Q&A: A Physician-Scientist on the History of Generating Nanotech-Enabled mRNA Vaccines
A beacon of hope in the fight against the pandemic, mRNA vaccines have been utilized to immunize millions of citizens around the world for protection against the COVID-19 virus. The development of these vaccines would not have been possible without decades of research and progress in the fields of nanotechnology and biotechnology. Nanotechnology researchers work on the nanoscale—employing specialized lipid shell nanoparticles to deliver the delicate mRNA vaccine sequence to specific cells.
Guillermo U. Ruiz-Esparza, MD, PhD, FRSA, is a physician-scientist and is an expert in the field of nanomedicine. He also part of the Divisions of Engineering in Medicine and Renal Medicine at the Brigham and Harvard Medical School and a member of the Harvard-MIT Division of Health Sciences and Technology. Ruiz-Esparza, who is focused on developing nanotechnology-based therapeutics, diagnostics, and tissue engineering technologies, sat down with CRN to talk about his recently published paper in the scientific journal Nano-Micro Letters about the role of nanotechnology during the COVID-19 pandemic, and the extensive, developmental process of generating nanotech-enabled mRNA vaccines.
What motivated you and your team to write this paper?
GURE: Innovation is found at the intersection of different fields or disciplines, and it was certainly an innovative time when the fields of nanotechnology and mRNA research were combined to combat the COVID-19 pandemic. I was impressed by the speed with which researchers understood the ability of these technologies to profoundly impact human health and in turn employ them in the critical development of both the Moderna and Pfizer vaccines. Interestingly, the Pfizer vaccine is the first ever mRNA vaccine for human use to recently receive full approval from the Food and Drug Administration (FDA). With heightened interest in understanding the role of nanotechnology during the COVID-19 pandemic, I felt it was important to collaborate with a group of multidisciplinary scientists and physicians from the Harvard Medical School, Harvard T.H. Chan School of Public Health, MIT and Tecnologico de Monterrey to study and comprehensively review the nanotechnology-based mRNA developmental process from the preclinical phase to the approval stage, the regulatory pathway encountered, lessons learned as well as the manufacturing hurdles faced.
How did nanotechnology enable the development of vaccines in response to the COVID-19 crisis?
GURE: When translating mRNA technology to patients, significant delivery challenges were encountered. We often wondered how we could deliver the mRNA to the human body in a targeted, stable fashion given that it is highly unstable and rapidly degrades without a suitable vector. Nanotechnology resolved many of our concerns by enabling efficient mRNA encapsulation and delivery into specific cells without degradation. Upon entering to our cells, facilitated by a nanoparticle, mRNA is translated into the non-disease-causing SARS-CoV-2 spike protein, a key component of viral pathogenesis. Our immune system then mounts an immune response against the foreign spike protein, creates memory cells to recognize the protein, and provides us with immunity.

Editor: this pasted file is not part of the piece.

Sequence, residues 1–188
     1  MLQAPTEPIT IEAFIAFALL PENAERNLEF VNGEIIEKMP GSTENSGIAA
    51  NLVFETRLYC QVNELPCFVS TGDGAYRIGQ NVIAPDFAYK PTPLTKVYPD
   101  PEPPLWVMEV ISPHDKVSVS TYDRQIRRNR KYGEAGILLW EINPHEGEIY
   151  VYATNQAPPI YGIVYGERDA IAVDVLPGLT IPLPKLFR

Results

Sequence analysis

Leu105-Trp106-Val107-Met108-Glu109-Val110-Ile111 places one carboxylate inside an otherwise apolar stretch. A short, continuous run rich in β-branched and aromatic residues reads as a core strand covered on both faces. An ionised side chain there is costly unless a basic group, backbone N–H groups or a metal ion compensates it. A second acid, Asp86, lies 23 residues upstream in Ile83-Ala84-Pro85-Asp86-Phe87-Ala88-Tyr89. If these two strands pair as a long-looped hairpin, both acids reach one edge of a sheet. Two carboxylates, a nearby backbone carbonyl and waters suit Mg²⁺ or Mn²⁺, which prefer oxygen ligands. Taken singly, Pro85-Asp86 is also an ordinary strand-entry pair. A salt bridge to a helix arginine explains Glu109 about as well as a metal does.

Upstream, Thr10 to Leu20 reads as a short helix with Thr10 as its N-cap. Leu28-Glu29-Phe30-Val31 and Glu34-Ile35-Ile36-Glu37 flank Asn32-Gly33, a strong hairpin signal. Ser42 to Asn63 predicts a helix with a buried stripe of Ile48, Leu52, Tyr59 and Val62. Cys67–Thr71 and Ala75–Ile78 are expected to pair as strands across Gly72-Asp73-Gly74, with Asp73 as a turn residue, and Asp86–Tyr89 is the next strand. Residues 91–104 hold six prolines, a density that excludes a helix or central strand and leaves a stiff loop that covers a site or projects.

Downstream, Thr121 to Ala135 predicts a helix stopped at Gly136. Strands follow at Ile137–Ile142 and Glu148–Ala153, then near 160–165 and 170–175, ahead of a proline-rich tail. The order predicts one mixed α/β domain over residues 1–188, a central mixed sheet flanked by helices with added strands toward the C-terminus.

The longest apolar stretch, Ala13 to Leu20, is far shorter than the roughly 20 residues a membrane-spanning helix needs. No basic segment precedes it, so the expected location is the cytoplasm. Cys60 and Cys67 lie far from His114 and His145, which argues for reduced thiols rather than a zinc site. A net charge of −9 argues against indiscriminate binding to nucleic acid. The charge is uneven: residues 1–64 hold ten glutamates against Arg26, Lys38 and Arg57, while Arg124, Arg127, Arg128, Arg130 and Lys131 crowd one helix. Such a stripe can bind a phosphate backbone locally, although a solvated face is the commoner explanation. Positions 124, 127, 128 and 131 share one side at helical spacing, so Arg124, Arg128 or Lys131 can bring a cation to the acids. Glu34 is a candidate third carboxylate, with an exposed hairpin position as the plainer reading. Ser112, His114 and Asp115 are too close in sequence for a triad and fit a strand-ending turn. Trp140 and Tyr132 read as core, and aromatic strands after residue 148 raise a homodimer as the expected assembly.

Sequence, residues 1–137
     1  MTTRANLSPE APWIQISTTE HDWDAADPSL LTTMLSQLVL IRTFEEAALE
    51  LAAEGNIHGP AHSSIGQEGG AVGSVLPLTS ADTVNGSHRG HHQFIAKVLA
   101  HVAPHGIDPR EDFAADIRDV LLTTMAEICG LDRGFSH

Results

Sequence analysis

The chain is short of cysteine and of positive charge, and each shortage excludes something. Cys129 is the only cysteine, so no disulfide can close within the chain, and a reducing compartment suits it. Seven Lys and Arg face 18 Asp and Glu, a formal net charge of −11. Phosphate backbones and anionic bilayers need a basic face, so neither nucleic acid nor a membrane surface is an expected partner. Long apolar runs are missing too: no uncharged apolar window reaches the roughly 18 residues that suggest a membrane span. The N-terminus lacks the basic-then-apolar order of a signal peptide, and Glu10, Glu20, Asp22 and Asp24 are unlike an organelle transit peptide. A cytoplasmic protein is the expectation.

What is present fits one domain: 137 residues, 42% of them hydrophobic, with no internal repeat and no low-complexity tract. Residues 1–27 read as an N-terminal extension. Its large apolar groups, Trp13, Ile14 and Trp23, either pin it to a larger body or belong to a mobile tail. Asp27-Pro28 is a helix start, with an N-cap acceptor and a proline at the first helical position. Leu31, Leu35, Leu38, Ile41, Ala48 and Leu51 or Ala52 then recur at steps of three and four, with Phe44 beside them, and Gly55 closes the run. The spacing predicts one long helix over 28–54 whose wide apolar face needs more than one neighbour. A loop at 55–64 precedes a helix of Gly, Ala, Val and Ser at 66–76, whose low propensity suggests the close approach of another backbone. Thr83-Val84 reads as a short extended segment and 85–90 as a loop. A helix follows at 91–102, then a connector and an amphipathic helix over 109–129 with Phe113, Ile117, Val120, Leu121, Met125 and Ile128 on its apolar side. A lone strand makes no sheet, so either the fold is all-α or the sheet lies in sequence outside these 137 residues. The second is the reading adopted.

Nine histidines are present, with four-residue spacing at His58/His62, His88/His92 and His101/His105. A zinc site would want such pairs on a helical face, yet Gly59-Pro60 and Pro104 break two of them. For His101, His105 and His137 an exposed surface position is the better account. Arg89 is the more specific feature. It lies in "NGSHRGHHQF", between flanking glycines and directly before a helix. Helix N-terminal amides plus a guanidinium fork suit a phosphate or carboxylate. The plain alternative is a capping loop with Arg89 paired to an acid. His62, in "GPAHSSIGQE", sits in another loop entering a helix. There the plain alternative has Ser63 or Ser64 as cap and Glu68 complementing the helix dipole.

Prior to COVID-19, how was nanotechnology used?
GURE: Even if it was not called by its modern name, the first users of nanotechnology were several ancient civilizations. The Egyptians leveraged nanotechnology to infuse beautiful colors into their art and cosmetics, Romans to craft iridescent glassware, and Damascans to create swords with exceptionally sharp edges. In modern times, scientists Richard Feynman, Norio Taniguchi and Eric Drexler popularized and defined a lot of what we now know about nanotechnology. In medicine, nanotechnology, commonly referred to as nanomedicine, has had a profound impact on cancer treatment. The FDA has approved a variety of chemotherapies that utilize nanoparticle-based systems, such as Abraxane and Doxil, to treat several types of cancer. Other medical disciplines such as surgery, dermatology, ophthalmology, and cardiology are already employing nanotechnology or in the process of rapidly adopting it as well.
What is one of the biggest limitations of mRNA-based, nanotechnology-enabled vaccines?
GURE: With every medical invention, there are certainly some disadvantages that we must consider. Though the nanoparticles prevent mRNA enzymatic degradation and enable efficient intracellular delivery, the strict temperature requirements for the Pfizer and Moderna vaccines often contribute to the challenges other countries face in distributing, promoting, and rapidly vaccinating their citizens. Additionally, the start of the pandemic was marked by difficulties in balancing vaccine supply and demand.
What are your thoughts on the rise of new SARS-CoV-2 (COVID-19) variants?
GURE: The variants will continue to appear and since there are still large numbers of unvaccinated citizens, SARS-CoV-2 has an increased opportunity to mutate. Thankfully, the advantage of using nanotechnology-enabled mRNA vaccines is that much like computer code, researchers can quickly modify or update the genetic sequence of the vaccine in a scalable manner. By doing so, researchers can now improve or enable the immunological recognition of new variants, provide boosters, and ensure that every individual can better protect themselves and their loved ones.
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